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The IRS extensively regulates cryptocurrency transactions, making sure that the Government gets its “fair share” of cryptocurrency wealth. In 2014 the IRS promulgated a Notice explaining how general tax principals would apply to transactions using virtual currency. The IRS published principals in 2018 arising out of a nationwide tax forum on unique issues concerning bitcoin and cryptocurrency. While those are the most significant IRS pronouncements, IRS has added new complications each year.

Tax consequences occur whenever cryptocurrency is used as a medium of exchange, such as selling cryptocurrency for US dollars, exchanging one cryptocurrency for another, or paying for goods and services with cryptocurrency. 

The IRS has focused its attention on non-fungible tokens, or NFT’s. An NFT is a token created on a blockchain that proves you are they only owner of that one-of-a-kind digital item. “NFT’s” are bought and sold in digital marketplaces. The specific tax implications of a particular NFT depend on whether the taxpayer is an “NFT” creator or investor, as well as whether the taxpayer’s interactions with the NFT are as a hobby or as a business. 

If the IRS determines the taxpayer is a hobbyist under their convoluted rules, IRS will count all gain as income. But deny the hobbyist the ability to deduct his expenses related to the transaction.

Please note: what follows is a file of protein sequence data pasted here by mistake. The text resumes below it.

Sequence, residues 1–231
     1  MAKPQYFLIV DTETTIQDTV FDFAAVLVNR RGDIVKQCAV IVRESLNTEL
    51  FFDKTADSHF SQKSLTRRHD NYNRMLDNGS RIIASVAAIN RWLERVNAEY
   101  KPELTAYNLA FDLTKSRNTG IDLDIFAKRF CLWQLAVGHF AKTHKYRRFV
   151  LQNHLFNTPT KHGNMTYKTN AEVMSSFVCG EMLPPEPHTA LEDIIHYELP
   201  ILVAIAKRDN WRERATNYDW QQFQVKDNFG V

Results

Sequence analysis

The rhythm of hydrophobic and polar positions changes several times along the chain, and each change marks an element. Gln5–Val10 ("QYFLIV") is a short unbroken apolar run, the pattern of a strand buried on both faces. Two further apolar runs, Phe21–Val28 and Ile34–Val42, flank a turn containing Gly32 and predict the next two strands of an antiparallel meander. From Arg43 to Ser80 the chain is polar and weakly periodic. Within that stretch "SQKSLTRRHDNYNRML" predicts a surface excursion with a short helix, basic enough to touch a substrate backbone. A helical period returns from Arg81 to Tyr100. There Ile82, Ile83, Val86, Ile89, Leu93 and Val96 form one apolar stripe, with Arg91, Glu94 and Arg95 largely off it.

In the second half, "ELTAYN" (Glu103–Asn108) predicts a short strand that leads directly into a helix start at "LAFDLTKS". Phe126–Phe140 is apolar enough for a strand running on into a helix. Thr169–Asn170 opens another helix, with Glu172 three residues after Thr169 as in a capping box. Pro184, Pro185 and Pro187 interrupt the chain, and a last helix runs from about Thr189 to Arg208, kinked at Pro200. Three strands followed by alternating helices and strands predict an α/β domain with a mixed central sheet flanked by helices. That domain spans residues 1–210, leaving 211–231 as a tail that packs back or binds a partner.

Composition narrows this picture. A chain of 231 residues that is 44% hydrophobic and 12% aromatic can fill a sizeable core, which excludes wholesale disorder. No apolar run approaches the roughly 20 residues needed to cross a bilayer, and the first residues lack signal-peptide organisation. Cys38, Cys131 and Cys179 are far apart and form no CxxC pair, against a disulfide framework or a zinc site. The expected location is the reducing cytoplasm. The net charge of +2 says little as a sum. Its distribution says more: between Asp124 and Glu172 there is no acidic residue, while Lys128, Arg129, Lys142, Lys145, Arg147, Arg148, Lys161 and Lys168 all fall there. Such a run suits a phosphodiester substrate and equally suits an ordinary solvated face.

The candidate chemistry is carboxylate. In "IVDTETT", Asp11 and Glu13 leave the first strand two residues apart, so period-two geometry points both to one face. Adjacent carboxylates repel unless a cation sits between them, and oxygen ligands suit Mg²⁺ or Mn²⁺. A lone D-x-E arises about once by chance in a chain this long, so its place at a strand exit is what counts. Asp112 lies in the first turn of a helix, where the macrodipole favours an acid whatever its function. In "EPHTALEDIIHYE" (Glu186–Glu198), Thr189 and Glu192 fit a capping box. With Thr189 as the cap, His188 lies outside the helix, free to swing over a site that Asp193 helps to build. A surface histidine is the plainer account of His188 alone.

Selling an NFT for cryptocurrency or exchanging it for another NFT is also a taxable event. Additionally, Art based NFT’s are classified as collectibles for tax purposes. When NFT’s are sold, gains or losses will depend on how long the taxpayer held the NFT. When a taxpayer trades cryptocurrency or spends it to buy something, those transactions are subject to capital gains taxes, as according to IRS, the taxpayer is selling a capital asset. There are complex rules as to how gains or losses are treated. There are also technical rules as to how much cryptocurrency trading loss (assuming all gains are offset) can be deducted from ordinary taxable income.  If you receive virtual currency as payment for services whether cryptocurrency or tokens, the value of the virtual currency in U.S. dollars at the time received will be imputed to you as income. 

Whether you invest in cryptocurrency or earned crypto currency as income, it is becoming more likely that such transactions will be reported to IRS. The IRS will expect you to report your cryptocurrency transaction and pay any taxes owed. 

If you are contemplating selling or exchanging cryptocurrency or entering into a transaction in which you will be paid in cryptocurrency, you should obtain the services of an experienced tax attorney. Your attorney can advise you how to structure the transaction so as to lawfully minimize your tax liability, The Weinberg Law Firm is ready to assist you. 

Don’t let the IRS make your life a living nightmare! Call:
Broward 954-763-3890
W. Palm Beach 561-355-0901

WAGING GUERRILLA WARFARE FOR YOU!! Mr. Weinberg is licensed to practice before the United States Tax Court WITH MORE THAN 30 YEARS OF LEGAL EXPERIENCE.